Seahawks make a nice Super Bowl villain that I found amusing.
Part of what Lebreton had to say about the Seahawk villains....
Ladies and gentlemen, the Seattle Seahawks.
Most dislikable Super Bowl team ever?
A cheerleader head coach. That “12th Man” thing, clearly stolen from Aggieland. Five drug suspensions since 2011, and a sixth that was overturned on a wimpy technicality.
And in the early minutes following Sunday’s victory in the NFC title game, there was Seahawks cornerback Richard Sherman, the first postgame FOX interview ever to bite the head off a live bat.
The Seahawks also won’t have their notorious homefield advantage in the Meadowlands. Let me suggest that without the constant din of their home crowd — their so-called “12th Man” — the Seahawks on a neutral field would have lost either of their two final games. So there’s that.
Just as every Super Bowl needs someone to embrace (Manning), it also needs a villain.
Ladies and gentlemen, get ready for Richard Sherman and the Seahawks.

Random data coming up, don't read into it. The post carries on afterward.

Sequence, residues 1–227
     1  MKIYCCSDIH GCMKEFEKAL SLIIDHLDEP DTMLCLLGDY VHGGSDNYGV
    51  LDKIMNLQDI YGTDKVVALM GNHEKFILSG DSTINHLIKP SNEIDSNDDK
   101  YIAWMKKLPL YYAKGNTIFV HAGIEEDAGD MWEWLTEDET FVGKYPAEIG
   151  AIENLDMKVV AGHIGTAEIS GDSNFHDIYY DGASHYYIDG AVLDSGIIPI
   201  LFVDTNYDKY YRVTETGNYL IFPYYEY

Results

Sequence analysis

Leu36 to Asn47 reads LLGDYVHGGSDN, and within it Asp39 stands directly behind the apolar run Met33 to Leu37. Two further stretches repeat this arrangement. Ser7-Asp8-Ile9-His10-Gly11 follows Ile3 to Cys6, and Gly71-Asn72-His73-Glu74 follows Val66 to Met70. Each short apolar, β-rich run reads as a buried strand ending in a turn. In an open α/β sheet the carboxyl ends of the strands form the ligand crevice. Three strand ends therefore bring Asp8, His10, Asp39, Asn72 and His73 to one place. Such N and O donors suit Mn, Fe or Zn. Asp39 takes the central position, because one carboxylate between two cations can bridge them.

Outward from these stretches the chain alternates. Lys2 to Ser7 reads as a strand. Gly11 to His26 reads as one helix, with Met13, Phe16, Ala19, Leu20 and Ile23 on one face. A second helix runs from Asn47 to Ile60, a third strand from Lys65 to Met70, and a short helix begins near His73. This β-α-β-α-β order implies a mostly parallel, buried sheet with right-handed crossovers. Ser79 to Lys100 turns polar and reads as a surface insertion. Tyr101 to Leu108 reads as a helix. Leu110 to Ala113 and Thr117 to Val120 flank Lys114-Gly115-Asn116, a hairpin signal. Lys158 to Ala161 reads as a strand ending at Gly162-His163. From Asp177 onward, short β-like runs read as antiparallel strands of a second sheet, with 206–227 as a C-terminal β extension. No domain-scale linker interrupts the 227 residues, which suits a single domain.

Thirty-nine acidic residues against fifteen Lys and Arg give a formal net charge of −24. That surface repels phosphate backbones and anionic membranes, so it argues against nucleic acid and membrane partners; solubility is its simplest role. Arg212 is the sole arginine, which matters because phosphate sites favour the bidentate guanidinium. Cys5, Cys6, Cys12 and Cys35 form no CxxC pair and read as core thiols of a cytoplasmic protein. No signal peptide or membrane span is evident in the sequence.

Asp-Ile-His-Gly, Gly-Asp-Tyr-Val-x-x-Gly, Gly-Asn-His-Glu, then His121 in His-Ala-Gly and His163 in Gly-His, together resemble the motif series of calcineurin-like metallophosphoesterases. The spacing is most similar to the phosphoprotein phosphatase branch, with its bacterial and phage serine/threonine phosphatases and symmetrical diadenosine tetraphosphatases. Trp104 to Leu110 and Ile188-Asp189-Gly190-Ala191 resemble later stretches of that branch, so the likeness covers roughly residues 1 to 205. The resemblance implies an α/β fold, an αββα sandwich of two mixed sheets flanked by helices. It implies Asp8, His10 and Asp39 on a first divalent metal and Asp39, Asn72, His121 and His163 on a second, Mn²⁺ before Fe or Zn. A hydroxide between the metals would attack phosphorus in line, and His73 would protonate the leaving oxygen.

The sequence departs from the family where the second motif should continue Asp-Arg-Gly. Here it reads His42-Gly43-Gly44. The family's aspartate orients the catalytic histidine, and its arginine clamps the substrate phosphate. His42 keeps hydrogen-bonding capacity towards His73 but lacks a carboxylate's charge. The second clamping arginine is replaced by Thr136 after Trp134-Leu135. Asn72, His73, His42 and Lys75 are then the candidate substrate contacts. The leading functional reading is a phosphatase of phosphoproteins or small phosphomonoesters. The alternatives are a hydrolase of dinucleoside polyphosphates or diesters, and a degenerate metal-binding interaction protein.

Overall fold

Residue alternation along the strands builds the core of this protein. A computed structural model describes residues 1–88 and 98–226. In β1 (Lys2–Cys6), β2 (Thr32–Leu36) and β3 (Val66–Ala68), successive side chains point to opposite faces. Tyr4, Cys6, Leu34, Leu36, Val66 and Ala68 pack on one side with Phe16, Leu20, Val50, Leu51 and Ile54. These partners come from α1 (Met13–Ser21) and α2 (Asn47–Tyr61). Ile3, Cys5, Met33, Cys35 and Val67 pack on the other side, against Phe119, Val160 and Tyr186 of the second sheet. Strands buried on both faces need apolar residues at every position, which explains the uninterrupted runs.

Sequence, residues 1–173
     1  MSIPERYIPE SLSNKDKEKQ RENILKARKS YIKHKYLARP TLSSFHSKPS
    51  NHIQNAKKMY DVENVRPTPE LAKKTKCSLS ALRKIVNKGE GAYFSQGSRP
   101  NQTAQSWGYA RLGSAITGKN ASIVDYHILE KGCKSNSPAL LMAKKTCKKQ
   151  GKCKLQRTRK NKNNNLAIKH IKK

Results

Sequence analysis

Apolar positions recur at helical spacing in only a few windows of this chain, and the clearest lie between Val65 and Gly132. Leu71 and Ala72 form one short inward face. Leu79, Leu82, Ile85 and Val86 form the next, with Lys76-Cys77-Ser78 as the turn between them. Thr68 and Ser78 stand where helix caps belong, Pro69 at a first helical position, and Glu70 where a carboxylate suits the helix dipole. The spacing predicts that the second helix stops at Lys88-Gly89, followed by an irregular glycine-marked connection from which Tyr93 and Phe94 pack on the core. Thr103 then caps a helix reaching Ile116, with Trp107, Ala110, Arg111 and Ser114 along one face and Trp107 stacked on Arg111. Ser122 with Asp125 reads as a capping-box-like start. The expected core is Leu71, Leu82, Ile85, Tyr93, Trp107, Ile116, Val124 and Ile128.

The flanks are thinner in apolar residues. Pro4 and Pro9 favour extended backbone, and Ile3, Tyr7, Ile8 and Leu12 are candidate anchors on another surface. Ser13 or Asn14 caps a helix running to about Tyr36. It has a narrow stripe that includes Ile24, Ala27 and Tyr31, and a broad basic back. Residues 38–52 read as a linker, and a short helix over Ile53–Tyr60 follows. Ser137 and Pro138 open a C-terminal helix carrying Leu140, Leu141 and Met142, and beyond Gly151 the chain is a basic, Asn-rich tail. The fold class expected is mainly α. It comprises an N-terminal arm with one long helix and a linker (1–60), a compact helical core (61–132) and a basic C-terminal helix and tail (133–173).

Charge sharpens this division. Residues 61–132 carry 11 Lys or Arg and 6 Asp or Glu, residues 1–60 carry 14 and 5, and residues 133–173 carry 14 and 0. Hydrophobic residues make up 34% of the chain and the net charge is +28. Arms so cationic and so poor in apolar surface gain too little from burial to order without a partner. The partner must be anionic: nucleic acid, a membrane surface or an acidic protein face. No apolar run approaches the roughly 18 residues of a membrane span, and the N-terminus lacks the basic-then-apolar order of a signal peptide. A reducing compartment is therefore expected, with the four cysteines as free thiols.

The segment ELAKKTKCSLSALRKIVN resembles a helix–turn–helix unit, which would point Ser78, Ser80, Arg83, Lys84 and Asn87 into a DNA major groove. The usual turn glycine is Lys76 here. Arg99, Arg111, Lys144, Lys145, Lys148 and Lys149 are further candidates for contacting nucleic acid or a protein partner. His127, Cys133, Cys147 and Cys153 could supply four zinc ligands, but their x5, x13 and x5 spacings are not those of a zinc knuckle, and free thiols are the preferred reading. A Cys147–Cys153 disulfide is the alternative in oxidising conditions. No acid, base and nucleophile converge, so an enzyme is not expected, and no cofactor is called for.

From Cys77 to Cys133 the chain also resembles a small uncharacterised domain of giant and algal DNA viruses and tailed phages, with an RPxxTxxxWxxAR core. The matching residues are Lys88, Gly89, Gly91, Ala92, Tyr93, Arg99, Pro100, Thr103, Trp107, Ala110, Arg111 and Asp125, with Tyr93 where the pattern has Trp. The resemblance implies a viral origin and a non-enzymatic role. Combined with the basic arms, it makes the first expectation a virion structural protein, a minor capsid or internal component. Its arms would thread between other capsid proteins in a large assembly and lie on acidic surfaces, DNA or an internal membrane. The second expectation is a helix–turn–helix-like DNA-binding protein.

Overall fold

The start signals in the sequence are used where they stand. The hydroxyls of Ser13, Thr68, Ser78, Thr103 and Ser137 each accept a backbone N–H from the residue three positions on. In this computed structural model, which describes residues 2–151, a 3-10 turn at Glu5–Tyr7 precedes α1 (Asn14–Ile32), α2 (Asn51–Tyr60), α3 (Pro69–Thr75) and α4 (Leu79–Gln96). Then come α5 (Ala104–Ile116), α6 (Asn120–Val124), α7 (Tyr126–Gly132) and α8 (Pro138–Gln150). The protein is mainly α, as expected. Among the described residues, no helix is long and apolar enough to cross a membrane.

Well. Where do I start?
Every Super Bowl needs someone to embrace? And a villain? I did not know this. Who got embraced at last year's Super Bowl? Who was the villain?
Most dislikable Super Bowl team ever? Is dislikable a word? My spell checker is flagging dislikable as a non-word.
The 12th Man thing was clearly stolen from Aggieland? Didn't Aggieland embarrass itself with a lawsuit claiming Aggie ownership of the 12th Man concept? Didn't Aggieland learn from that lawsuit that the 12th Man concept is not unique to a relatively unknown Texas agriculture college?
I do agree that Seattle is totally overdoing the 12th Man thing. Does it not occur to anyone that giving your home team some sort of advantage by making so much noise it triggers earthquakes, while discombobulating your opponent, is sort of like admitting your team is not good enough on its own? That the team needs the constant din of a roaring crowd, like an additional 12th, player, to help the team win.
The Seattle stadium itself seems to add a colorful element lacking in the Dallas Cowboy stadium.
Is it better designed lighting in the Seattle stadium that explains the difference?
Does the difference come from being an open stadium looking out on the skyline of downtown Seattle? While the Dallas Cowboy stadium looks out on nothing. Well, there is that Super Walmart.
Is it the "warm" feeling of the Seahawk blue color scheme, represented well by the ESPN graphic you see here, that makes the Seattle Seahawk stadium seem so much more appealing, to my eyes, than the sterile, bright silver and gray look of the Dallas Cowboy stadium?
Anyway, I guess I am betting on Denver to beat Seattle to win this year's Super Bowl, what with Seattle not having its 12th Man in the Meadowlands stadium.....